Since 1998, Kumi Tanioka has composed and performed music for Square Enix game titles. Her debut for the company was the action role-playing game Chocobo's Mysterious Dungeon 2 for the Sony Playstation. Recently, she has come full circle, composing the two original non-vocal tracks for the Wii dungeon-crawler Chocobo's Mysterious Dungeon: Labyrinth of Forgotten Time.
Though her contributions to videogame music so far are bookended by these two similar game titles, the composer's work for Square Enix has been marked by notable variety. She contributed to the score for the first massively multiplayer online game in Final Fantasy's history, together with the flagship series' original composer Nobuo Uematsu, and musician Naoshi Mizuta. Her songs have been featured in the Xbox 360 science fiction shooter Project Sylpheed, live recordings of her compositions for Final Fantasy Crystal Chronicles included accompaniment by ancient historic instruments, and she has performed live on the electronic keyboard as part of the Star Onions band.
Her latest piano solo performance can be heard on the original soundtrack to the recently released Final Fantasy Crystal Chronicles: Ring of Fates for the Nintendo DS. RPGFan recently had the chance to speak with the composer on the subject of her music for Square Enix and the latest title in the Crystal Chronicles series of games.
RPGFan: Kumi Tanioka, thank you for offering your time to the readers of RPGFan.
Tanioka: Thank you for this opportunity to share with English-speaking listeners of our music.
RPGFan: As many people who listen to your music already know, both the original soundtracks for Project Sylpheed and Final Fantasy Crystal Chronicles: Ring of Fates contain recordings of your live piano performances. Previously in the history of the company, Final Fantasy Piano Collections albums have been performed by someone other than the composer. How was it determined that these songs included in the original soundtrack would be played by yourself?
Tanioka: The answer is that I like playing piano. I often perform when it feels that the sound of the piano is suited to a project. During the process of making the soundtrack for Ring of Fates, the idea came up of adding a bonus track. So, I suggested, "I'd like to play a medley on the piano." I might add, I do not write sheet music for when I play. I construct the song by playing freely. The medley for Ring of Fates was created by improvising several times.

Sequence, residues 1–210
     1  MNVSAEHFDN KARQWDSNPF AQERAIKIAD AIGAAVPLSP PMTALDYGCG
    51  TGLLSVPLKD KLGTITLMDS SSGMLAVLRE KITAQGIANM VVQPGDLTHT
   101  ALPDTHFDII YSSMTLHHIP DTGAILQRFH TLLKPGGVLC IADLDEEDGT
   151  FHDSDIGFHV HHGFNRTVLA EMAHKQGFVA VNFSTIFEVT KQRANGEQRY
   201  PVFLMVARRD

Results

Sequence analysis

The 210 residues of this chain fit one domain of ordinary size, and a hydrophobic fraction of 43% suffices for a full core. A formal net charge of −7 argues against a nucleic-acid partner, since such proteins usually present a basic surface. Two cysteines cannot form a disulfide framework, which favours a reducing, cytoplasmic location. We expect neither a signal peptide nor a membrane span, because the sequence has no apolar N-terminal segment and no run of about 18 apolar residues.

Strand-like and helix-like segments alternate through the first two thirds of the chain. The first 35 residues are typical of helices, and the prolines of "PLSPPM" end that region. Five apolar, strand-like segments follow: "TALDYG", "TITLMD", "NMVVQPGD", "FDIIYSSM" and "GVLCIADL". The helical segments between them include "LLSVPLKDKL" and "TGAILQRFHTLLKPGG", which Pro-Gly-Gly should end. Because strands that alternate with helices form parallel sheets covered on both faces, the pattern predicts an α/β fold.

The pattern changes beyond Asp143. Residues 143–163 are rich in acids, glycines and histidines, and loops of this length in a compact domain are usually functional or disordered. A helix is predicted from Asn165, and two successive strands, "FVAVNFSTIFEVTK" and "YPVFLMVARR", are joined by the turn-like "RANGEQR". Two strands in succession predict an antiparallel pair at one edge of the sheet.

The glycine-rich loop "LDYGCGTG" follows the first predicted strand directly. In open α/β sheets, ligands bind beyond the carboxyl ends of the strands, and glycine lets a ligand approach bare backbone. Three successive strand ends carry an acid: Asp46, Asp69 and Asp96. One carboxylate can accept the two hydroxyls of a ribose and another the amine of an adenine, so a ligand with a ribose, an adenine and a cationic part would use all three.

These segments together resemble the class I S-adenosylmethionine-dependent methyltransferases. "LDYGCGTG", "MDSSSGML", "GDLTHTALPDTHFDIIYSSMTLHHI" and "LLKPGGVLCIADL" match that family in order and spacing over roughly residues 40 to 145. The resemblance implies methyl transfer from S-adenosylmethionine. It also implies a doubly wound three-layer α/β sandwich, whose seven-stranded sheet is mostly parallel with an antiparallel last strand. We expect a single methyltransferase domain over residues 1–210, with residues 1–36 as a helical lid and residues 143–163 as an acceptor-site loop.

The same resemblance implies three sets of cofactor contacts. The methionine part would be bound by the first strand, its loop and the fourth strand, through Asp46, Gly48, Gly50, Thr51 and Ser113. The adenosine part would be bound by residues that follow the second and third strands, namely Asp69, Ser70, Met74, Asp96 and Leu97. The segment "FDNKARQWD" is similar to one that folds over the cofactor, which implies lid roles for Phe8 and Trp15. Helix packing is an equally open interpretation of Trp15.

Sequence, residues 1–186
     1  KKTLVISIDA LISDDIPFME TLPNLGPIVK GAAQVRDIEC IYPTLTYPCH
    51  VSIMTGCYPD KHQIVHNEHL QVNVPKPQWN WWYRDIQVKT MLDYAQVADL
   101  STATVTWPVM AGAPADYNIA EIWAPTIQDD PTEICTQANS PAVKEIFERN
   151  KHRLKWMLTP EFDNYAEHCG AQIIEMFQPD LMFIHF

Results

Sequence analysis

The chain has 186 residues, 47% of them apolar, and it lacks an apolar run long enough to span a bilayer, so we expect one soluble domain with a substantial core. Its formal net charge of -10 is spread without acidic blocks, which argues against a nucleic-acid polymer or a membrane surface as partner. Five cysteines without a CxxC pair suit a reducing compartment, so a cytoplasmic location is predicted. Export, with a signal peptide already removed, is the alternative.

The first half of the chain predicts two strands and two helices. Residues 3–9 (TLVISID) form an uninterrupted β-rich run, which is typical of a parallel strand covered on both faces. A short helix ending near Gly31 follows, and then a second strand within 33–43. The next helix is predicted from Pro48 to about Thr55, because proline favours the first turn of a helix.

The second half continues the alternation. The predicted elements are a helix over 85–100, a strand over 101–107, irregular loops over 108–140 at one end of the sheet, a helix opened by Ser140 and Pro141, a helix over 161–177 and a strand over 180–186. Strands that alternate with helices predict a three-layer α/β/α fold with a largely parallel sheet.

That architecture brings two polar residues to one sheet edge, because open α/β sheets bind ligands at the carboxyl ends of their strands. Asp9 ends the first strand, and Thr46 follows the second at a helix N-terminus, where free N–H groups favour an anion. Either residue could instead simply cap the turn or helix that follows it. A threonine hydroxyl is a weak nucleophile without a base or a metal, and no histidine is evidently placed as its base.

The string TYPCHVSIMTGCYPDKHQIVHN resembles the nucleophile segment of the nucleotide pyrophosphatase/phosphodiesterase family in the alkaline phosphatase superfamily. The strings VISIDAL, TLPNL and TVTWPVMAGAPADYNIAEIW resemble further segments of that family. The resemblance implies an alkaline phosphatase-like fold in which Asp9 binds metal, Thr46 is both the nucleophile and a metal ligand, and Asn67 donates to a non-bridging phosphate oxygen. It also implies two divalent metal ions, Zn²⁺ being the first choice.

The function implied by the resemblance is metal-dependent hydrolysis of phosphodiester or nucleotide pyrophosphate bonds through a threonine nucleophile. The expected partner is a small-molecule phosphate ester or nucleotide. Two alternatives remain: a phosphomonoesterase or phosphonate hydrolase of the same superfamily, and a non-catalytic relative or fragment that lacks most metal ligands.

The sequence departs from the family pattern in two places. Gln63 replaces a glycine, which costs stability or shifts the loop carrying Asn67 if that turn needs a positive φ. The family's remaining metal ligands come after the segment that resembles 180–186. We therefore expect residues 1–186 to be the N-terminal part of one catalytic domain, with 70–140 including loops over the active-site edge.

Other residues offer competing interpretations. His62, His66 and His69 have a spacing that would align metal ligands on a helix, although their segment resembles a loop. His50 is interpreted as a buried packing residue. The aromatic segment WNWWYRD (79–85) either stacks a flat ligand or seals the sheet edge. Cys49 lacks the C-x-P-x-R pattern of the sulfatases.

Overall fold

RPGFan: Ring of Fates incorporates the distinct style you developed for the original Final Fantasy Crystal Chronicles for the Nintendo Gamecube. Did you consider how you might go about further developing the musical themes of the series?
Tanioka: I should start by mentioning that when I was involved in the original Crystal Chronicles I was looking at the illustrations of the game world and thought of world music. More like world music in a broad sense, where music is not limited to a single country or culture. I thought that would be perfect for this game. Also, at that time I think it was fortunate that [Hidenori] Iwasaki, who was the synthesizer operator, came across a music group called "ROBA House" that played traditional and ethnic music.
The music of Final Fantasy Crystal Chronicles was created as I externalized this notion of what I believed to be perfect for the game, and at the same time I learned about the distinct characteristics of assorted regional music. Also, I truly enjoyed composing. I believe the talent of Iwasaki-san who did the fantastic technical work without losing the sense of the game world was one of the greatest factors in bringing out the significance of that world.
As for Ring of Fates, compared with previous work, I did not compose with world music in mind. Although it is the same "Final Fantasy Crystal Chronicles," Ring of Fates was based on the concept of creating a new landscape containing the same atmosphere. I composed the music purposefully without having the notion of world music in mind. For this one, I was more emotionally involved in the characters and created the music through lots of trial and error. Though people say that both scores match musically or match my personality, I was not thinking about my own style. But, as long as I compose, it might just be the case that it is my personality that will naturally come out as a result.